J.P. Kallio’s Musician Quick Tips Pt. 20
by J.P. Kallio
Here are this week’s musician quick tips, part 20.. In my nearly two decades as a full time musician I have learned a thing or two about this business. I also have become very fast at assessing what works and what does not when it comes to promoting, recording and performing your music.
These quick tips are simple actions that you can put to use straight away
Also you check out my full blog for more HERE:
As artists we are looking for validation. I think is just the human nature to feel the need to be validated. We want people to recognise us, notice us, to make us feel like what we do is real, like we are doing it right, like we are real artists. Here’s the thing, it is all just waste of energy.
Validation in the arts does not exist! There are no committee of people in some big office building, or a court room, who decide what’s real and whats not. We have become to put value in things like reviews. The truth is, even if it’s the Rolling Stone magazine, still at the end of the day the person writing the review is only one person, and the opinion is theirs alone. There are no great authority out there who decides what’s real and whats not. As an artist as long as you touch people, evoke an emotion and make them think, you are doing it, you are real!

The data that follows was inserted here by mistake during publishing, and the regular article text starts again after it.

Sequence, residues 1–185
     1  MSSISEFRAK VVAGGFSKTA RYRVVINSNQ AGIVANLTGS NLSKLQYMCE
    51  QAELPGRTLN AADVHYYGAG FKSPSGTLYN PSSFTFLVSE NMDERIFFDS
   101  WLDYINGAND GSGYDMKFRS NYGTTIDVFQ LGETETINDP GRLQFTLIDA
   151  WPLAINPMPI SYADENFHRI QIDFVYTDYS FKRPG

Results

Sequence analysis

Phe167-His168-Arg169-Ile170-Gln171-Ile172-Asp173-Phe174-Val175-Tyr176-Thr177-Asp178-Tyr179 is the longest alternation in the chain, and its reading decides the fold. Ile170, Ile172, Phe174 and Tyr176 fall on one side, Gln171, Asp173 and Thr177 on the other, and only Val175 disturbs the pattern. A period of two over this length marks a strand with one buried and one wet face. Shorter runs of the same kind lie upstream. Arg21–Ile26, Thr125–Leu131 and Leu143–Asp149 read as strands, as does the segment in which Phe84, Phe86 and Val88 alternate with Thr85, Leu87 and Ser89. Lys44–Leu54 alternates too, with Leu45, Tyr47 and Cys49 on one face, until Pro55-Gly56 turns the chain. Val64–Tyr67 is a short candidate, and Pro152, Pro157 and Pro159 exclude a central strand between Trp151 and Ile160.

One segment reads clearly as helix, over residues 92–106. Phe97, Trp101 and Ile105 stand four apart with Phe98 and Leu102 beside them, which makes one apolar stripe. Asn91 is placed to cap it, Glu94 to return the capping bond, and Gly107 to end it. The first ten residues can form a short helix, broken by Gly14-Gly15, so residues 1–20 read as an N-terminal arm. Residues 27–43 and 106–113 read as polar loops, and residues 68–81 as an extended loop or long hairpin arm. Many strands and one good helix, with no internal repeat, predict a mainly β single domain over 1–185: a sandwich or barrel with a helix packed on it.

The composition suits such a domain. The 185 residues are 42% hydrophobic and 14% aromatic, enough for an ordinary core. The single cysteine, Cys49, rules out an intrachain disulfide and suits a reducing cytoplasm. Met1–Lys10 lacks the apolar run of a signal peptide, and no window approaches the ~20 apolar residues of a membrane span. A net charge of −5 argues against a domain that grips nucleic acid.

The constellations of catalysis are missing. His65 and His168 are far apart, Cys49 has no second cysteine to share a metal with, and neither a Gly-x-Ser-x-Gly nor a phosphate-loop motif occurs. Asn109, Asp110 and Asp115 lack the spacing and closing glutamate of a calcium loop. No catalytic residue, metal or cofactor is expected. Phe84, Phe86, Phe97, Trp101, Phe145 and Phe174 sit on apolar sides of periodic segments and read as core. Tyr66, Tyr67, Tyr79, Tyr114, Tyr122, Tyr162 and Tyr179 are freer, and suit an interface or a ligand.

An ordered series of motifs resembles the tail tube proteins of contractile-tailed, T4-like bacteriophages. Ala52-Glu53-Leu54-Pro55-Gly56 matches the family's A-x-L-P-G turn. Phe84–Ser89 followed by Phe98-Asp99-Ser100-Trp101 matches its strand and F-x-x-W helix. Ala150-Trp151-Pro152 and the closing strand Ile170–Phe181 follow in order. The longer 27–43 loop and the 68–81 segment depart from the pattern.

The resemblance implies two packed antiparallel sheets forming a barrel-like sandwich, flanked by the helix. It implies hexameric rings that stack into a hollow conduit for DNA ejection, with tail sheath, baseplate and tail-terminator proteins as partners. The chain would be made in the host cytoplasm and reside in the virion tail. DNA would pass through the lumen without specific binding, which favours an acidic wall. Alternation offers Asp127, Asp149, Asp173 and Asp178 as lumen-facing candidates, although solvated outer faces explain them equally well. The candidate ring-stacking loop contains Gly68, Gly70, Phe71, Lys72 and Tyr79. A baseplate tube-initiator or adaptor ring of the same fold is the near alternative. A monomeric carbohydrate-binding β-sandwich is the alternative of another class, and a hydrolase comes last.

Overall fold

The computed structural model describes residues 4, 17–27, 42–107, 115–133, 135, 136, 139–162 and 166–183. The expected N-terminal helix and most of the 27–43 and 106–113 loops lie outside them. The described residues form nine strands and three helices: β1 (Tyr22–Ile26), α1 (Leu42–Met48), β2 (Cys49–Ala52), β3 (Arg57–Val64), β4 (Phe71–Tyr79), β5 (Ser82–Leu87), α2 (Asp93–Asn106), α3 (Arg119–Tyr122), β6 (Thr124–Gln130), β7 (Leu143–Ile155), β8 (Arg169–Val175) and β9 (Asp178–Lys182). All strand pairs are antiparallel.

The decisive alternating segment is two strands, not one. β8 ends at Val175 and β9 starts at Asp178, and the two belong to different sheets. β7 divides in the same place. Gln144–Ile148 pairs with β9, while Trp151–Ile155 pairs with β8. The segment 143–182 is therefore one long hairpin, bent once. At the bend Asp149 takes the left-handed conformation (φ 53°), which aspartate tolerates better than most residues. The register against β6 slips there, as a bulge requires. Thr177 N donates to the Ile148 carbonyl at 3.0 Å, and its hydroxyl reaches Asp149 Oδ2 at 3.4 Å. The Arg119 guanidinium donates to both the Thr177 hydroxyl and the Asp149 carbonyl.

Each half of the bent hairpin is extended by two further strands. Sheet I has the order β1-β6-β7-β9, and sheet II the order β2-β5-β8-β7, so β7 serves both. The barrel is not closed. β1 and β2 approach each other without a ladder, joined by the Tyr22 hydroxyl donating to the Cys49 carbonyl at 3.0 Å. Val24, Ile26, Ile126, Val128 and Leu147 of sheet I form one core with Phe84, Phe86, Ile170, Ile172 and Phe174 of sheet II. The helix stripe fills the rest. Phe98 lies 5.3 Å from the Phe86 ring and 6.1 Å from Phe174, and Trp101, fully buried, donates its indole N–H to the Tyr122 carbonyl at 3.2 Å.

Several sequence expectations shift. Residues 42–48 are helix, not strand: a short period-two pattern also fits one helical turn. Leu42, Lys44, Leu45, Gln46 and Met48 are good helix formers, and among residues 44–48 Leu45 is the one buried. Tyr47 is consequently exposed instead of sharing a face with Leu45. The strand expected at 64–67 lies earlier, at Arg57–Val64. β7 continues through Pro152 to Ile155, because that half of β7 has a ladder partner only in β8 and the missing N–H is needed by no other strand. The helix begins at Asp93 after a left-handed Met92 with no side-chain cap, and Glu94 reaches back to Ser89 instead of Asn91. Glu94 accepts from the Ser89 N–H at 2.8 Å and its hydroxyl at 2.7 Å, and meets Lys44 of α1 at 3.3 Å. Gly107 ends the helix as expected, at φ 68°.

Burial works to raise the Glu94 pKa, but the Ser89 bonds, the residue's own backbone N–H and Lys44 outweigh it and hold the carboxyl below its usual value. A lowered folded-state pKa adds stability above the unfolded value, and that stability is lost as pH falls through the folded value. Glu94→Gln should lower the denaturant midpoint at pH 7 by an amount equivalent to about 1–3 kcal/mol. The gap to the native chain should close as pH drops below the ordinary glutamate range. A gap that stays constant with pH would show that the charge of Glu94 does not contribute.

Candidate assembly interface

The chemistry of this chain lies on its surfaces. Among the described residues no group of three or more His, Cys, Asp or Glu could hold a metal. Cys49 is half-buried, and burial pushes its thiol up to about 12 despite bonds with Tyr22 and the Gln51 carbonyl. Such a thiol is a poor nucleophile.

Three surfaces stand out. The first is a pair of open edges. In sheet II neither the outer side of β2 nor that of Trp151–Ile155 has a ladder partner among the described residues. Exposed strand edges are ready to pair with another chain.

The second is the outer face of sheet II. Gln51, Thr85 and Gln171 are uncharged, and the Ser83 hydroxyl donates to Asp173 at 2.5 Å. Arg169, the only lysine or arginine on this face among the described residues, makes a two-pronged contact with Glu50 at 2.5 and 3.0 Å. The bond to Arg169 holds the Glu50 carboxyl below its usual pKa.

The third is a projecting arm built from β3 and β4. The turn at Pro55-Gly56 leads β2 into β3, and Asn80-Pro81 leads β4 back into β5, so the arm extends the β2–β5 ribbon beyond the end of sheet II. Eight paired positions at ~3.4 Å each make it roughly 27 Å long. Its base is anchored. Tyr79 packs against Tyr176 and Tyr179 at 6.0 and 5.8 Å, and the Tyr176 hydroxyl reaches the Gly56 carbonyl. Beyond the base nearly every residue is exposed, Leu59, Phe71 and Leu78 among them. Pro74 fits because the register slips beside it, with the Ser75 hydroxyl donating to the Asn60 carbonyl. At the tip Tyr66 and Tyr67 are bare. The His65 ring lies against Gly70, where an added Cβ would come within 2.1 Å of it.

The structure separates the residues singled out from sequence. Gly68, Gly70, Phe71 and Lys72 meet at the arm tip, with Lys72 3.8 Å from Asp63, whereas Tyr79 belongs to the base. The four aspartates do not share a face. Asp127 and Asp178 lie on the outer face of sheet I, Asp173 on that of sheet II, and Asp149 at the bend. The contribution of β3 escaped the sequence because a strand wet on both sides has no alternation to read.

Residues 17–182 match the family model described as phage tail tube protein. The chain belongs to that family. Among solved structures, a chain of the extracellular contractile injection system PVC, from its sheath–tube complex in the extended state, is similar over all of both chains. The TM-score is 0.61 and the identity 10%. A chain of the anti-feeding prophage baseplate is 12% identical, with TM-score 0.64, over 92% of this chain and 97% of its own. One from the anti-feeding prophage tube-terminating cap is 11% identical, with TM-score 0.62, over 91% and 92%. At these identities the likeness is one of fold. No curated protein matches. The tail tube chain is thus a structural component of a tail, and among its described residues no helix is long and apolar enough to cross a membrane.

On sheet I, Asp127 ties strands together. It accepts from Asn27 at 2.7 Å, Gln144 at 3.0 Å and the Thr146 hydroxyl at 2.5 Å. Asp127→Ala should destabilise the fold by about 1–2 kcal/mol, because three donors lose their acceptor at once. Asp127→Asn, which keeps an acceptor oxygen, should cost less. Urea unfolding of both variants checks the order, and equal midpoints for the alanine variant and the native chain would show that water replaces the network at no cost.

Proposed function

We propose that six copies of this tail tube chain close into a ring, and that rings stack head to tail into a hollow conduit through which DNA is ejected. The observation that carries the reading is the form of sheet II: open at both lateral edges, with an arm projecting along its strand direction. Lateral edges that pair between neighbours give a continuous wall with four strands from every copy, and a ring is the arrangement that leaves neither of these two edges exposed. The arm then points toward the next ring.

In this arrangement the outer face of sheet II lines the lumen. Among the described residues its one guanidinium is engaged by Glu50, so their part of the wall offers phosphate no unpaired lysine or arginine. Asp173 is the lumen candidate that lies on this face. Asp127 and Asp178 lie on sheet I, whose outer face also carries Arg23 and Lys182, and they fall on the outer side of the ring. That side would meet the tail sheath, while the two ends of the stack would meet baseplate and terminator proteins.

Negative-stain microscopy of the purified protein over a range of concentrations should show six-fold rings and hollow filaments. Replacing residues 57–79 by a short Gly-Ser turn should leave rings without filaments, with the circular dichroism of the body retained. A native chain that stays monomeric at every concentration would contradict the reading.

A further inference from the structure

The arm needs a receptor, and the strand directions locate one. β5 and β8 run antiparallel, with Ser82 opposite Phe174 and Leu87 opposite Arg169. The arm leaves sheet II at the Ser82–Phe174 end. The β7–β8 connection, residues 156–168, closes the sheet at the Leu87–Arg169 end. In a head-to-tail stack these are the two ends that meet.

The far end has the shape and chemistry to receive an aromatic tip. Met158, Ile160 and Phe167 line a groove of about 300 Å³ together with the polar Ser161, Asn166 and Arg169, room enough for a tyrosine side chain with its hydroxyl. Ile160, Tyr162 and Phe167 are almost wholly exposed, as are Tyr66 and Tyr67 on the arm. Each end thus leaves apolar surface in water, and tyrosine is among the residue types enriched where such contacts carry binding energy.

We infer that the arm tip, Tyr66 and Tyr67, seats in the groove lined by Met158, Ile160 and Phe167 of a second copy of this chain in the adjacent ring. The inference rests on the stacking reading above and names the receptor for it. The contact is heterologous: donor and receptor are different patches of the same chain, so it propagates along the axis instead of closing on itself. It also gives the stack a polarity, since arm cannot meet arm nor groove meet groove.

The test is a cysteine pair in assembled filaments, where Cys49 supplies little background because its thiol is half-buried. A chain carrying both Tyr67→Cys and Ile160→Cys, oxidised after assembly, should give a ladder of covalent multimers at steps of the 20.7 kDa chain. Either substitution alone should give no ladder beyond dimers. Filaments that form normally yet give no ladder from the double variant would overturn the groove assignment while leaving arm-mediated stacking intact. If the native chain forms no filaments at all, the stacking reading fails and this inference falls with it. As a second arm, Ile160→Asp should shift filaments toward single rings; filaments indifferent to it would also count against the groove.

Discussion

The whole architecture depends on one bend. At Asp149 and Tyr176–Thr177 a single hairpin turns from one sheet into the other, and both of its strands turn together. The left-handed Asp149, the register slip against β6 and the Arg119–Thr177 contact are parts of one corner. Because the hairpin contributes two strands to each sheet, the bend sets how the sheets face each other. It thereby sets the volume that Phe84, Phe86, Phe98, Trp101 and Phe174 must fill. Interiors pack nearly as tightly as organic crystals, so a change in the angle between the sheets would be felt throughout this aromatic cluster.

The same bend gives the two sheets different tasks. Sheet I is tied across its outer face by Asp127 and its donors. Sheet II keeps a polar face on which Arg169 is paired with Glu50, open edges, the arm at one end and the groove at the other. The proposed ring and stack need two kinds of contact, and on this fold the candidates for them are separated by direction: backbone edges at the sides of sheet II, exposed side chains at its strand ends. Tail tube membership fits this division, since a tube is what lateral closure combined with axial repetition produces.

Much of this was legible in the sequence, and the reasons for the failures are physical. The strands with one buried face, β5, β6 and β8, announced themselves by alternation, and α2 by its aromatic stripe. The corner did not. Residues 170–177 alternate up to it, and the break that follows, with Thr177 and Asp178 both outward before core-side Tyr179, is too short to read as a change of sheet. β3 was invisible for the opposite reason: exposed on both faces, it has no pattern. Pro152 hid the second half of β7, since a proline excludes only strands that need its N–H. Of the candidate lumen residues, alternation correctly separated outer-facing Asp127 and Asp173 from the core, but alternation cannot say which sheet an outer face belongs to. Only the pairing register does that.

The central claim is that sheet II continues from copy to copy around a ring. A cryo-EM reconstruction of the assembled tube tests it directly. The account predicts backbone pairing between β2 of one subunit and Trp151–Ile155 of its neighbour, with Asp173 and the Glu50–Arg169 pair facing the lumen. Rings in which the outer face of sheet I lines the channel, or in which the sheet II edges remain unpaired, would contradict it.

So the only people you need to “validate” you is your audience. If they enjoy your music and listen to it, then you are “validated”, certified, bona fide real artist! So stop wasting time trying to find some higher validation, and concentrate on your audience.
Evaluate your progress
So I think it is a good time to evaluate your progress.